Tenkai Knights also uses a targeting system in battle, though it is very broken. Once locked onto an enemy, the player is forced to always face it, which makes battling multiple opponents virtually impossible.
To dispatch with your foes, the player may choose one of the four Tenkai Knights to embody, each with unique stats. These stats can be boosted by customizing and creating new equipment. Although each of the Knights comes with their own signature weapon, all weapons can be wielded regardless of the user.
The main beef we have with Tenkai Knights is the level design and quality. This game draws heavily from established 2D brawlers, but it lacks the polish. Most levels consist of a simple, repetitive command: destroy X number of enemies. Sometimes the objective changes to collecting X number of items or surviving for X number of seconds. No matter how you look at it, each objective is pretty much the same thing with minimal repackaging.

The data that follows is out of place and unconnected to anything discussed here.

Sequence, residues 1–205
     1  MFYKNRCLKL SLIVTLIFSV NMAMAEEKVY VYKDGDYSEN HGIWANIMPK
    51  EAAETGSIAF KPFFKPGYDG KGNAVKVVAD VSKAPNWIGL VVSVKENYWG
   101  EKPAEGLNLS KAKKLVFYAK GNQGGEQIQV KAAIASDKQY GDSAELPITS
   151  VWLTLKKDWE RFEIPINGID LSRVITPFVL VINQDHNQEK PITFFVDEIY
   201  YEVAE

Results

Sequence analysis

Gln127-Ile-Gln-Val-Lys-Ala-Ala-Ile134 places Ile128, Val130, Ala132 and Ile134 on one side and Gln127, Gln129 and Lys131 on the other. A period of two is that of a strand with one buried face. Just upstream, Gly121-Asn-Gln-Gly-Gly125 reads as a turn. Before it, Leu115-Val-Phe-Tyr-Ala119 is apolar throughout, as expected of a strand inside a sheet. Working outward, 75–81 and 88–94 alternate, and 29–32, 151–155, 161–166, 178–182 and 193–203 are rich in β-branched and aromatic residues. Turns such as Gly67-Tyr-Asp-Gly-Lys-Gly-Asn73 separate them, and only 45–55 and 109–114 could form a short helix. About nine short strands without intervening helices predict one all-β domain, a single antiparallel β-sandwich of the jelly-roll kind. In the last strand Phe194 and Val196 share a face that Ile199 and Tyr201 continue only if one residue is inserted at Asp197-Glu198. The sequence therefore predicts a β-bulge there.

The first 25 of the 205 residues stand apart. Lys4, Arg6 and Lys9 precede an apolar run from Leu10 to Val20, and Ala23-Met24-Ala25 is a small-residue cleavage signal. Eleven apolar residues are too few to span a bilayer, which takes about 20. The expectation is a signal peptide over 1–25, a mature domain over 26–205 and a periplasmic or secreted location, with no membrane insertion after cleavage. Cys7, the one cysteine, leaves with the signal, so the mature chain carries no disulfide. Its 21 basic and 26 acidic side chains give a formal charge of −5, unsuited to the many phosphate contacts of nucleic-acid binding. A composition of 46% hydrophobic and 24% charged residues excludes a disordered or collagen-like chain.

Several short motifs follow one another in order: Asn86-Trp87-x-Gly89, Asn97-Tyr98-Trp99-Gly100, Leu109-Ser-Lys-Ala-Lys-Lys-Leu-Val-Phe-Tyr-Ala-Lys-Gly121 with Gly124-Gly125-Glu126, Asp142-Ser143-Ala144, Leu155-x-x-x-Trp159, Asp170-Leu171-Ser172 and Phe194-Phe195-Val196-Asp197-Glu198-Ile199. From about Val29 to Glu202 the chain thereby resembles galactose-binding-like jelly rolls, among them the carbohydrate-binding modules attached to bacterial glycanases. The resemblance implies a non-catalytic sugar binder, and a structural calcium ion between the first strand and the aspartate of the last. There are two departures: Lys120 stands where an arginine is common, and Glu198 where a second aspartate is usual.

If we had to describe Tenkai Knights: Brave Battle in one sentence, we would call it Super Smash Bros. with Lego Power Rangers, but without the magic that made each of them great. Seriously, the resemblance between every character on Quarton, the planet on which the battles take place, and the Lego figurines is borderline plagiarist.
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